By Silvia Josipovic
This is the thought which crosses my mind as I lap Elder Park. I’m five minutes into my first Parkour class and I wonder if I’ve the physical capacity required to make it through the next three hours.
I had spent the lead-up to the lesson trawling YouTube and watching that episode of The Office where Dwight, Michael and Andy leap around yelling “HARDCORE PARKOUR!” I had then done much the same with obstacles I encountered. I thought this would be sufficient preparation. I thought wrong.
Parkour has gained a steady following since its introduction to Australia in 2006. Originating in France, Parkour is a non-competitive discipline which develops one’s ability to overcome mental and physical obstacles using only the body. Described as something which would be most useful in an emergency, its objective is to get from Point A to Point B as quickly and safely as possible.
Inspired by an online video, Travis Ranson – now President of the South Australian Parkour Association – fostered its growth in Adelaide. Parkour is quite visibly the apple of his eye; he smiles as he recalls stumbling upon the clip.
“I remember seeing the video and it looked really cool so I had a search online – this was about 2004 – and nothing came up in Australia. I looked into it a bit, forgot about it, then two years later it popped back into my mind. I searched again and this time found a website. So I signed up online and here I am … here we are.”
Here we are; an overcast March day in Elder Park. What is most surprising is the turn-out; a 20-odd strong crowd, aged from their pre-teens to late twenties, and a handful of girls who join me in sticking it to the patriarchy. Travis divides us into two classes; those who have attended before and first-timers. I join three other young boys, bounding with energy and a degree of athleticism which for me remains elusive. I note the age gap and embrace my role as the mature-age student: I ask (and answer) the questions, make poorly received jokes, and laugh with our instructor, Jack.
As we warm up, Jack runs through rules and safety. If we’re to take international media coverage at face value, Parkour encourages reckless behaviour and its participants have complete disregard for their own safety and for the safety of others. This stereotype is quickly quashed, with Jack stating safety is paramount and encouraging us to speak out if we feel uncomfortable performing a manoeuvre.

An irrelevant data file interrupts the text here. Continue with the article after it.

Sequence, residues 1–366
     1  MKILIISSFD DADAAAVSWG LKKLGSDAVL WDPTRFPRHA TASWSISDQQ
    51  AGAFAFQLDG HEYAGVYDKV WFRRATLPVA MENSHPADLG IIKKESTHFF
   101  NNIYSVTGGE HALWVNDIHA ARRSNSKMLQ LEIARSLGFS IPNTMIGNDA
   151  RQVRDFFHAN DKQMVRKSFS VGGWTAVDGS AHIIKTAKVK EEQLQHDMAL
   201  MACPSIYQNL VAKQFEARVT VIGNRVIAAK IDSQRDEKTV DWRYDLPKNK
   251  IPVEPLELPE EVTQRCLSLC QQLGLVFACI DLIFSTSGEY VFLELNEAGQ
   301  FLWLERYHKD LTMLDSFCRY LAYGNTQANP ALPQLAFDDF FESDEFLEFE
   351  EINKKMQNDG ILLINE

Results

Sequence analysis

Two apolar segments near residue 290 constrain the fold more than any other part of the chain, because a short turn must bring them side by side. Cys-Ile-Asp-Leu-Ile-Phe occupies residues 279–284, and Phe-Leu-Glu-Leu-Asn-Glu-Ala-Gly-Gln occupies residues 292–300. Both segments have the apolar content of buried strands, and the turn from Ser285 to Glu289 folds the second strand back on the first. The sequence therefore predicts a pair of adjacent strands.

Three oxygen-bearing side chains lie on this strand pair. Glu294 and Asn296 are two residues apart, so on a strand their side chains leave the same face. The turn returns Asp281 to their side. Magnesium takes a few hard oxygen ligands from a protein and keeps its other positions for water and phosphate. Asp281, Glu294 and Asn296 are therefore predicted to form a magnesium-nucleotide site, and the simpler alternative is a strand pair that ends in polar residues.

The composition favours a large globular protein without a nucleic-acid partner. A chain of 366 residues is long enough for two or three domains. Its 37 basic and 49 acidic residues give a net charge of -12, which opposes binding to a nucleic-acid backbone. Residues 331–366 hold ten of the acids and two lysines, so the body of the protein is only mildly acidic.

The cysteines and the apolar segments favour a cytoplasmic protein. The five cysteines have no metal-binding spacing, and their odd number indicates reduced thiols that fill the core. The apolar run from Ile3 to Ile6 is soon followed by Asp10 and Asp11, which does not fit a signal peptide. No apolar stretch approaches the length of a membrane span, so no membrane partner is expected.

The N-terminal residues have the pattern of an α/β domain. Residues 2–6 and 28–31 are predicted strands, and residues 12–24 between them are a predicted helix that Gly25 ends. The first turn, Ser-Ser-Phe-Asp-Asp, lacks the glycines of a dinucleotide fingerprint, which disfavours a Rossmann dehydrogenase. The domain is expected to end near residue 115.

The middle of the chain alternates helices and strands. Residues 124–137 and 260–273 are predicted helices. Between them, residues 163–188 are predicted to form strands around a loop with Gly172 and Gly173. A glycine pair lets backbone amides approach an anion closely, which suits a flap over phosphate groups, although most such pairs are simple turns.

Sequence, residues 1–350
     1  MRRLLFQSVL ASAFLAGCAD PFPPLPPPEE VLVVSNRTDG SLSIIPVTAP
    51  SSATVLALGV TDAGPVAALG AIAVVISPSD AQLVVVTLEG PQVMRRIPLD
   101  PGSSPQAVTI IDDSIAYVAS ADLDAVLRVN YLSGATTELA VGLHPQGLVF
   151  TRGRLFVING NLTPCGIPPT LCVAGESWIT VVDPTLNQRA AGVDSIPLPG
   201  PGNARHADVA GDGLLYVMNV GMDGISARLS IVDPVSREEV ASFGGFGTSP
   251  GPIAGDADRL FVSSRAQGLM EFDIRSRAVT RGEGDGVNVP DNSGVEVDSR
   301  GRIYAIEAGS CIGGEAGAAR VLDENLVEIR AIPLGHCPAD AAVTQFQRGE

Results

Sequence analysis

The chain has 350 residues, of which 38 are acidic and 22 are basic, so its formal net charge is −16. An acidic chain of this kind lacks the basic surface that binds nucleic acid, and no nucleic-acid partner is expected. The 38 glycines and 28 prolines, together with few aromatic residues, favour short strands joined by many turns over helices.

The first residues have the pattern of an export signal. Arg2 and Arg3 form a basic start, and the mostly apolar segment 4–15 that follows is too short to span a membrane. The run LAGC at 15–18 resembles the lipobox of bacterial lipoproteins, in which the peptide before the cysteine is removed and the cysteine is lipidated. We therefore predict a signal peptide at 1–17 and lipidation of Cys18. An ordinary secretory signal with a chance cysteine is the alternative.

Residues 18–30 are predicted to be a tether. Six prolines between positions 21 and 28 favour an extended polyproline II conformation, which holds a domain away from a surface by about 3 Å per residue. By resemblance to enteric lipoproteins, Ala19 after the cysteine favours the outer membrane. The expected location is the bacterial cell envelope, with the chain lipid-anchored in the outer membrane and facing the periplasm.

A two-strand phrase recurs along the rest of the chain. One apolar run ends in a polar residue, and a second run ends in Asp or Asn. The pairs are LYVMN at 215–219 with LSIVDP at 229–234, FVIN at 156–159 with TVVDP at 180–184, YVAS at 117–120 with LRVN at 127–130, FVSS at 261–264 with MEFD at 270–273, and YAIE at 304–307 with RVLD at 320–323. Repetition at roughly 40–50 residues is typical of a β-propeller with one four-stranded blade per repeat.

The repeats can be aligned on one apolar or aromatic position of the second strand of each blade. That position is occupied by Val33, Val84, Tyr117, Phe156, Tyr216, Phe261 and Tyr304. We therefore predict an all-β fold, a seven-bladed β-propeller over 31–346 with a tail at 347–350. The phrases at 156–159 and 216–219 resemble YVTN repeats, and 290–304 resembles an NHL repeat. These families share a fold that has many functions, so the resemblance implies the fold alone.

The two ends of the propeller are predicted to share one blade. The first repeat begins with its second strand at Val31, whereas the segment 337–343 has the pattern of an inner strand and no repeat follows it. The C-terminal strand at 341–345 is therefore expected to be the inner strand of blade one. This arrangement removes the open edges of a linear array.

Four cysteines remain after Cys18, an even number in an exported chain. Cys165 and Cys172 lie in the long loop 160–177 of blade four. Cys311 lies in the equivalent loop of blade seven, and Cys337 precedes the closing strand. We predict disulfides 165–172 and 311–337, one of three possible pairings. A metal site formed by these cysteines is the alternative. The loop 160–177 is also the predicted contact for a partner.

The class begins with us crawling up and down a grassy slope in a cat-like fashion. Despite my coordinative prowess, the task is surprisingly difficult. As passers-by watch on curiously, I’m wary of the fact I more resemble Gollum than some sleek feline. It is with some relief we move on to running.
Jack is quick to point out the slapping sound of passing runners; noting that the heel strike places a great deal of stress on the foot. A more efficient method of running, he explains, is the forefoot strike; placing the weight on the ball of the foot.
As we jog to the outskirts of the Festival Centre, the difference is noticeable, and it is this drill which proves a fitting segue for our next exercise: jumping and landing. Jack reiterates the importance of landing on the balls of the feet, before pointing to a ledge overlooking Elder Park Cafe and stating, “So now we’re gonna put it all into practice by jumping off that.”
I glance at my fellow classmates and see they share the same dumbfounded expression. He chuckles sadistically, instead directing us to some steps around the corner. The task is simple enough and we’re quick to grasp the technique. I start to wonder if Parkour will present any real challenges. Good work Silvia, let’s jinx ourselves to high hell. Jack goes on to explain that sometimes additional moves, such as a roll, are required to land safely. All my years of somersaulting could not have prepared me for this. It so happens there is a lot of skill involved in perfecting the move and, as I teddy roll over the pavement, my shoulder and lower back are quick to alert me to the fact I’m doing it wrong. I hide my grazed arms while Jack gushes over one of the young boys’ ninja-like skills.
Collecting myself, and my battered ego, from the ground, we move to some railings where we work on our balance. From here, we hit the gold mine of Parkour drills: the wall climb. Standing by a wall at the entrance to the Festival Centre, we grasp at its ledge; right leg planted high near our chest, left leg dangling behind. We use the left leg to drive us up the wall. While my height proves advantageous in reaching the top, a severe lack of upper body strength sees Jack provide a sneaky leg up. Perched at the top, we make our way back down using the same technique in reverse.
As the class draws to a close, we undertake a series of strength and conditioning exercises, involving crowd favourites planking and phantom bench. My muscles are wailing like a banshee and the whole thing is about as painful as childbirth (or so I imagine). These are necessary in building the strength required for Parkour, Jack explains, coming out of a crunch with ease. A series of push-ups and squats later and we join the intermediate class for a warm down. Physically and mentally exhausted, I leave with a collection of bruises and a new-found empathy for Christopher Reeve.
So why subject yourself to such gruelling physical activity?
“I want to see how strong I can get – physically, mentally, and spiritually,” says Parkour enthusiast Thananthorn Toi Suriyasenee. “It’s a great way to keep fit and it’s also gotten me through some tough times – I’ve a new family with all the friends I’ve made while training.”
That, and it’s a hell of a lot of fun.
For more information on Parkour visit www.pointa.com.au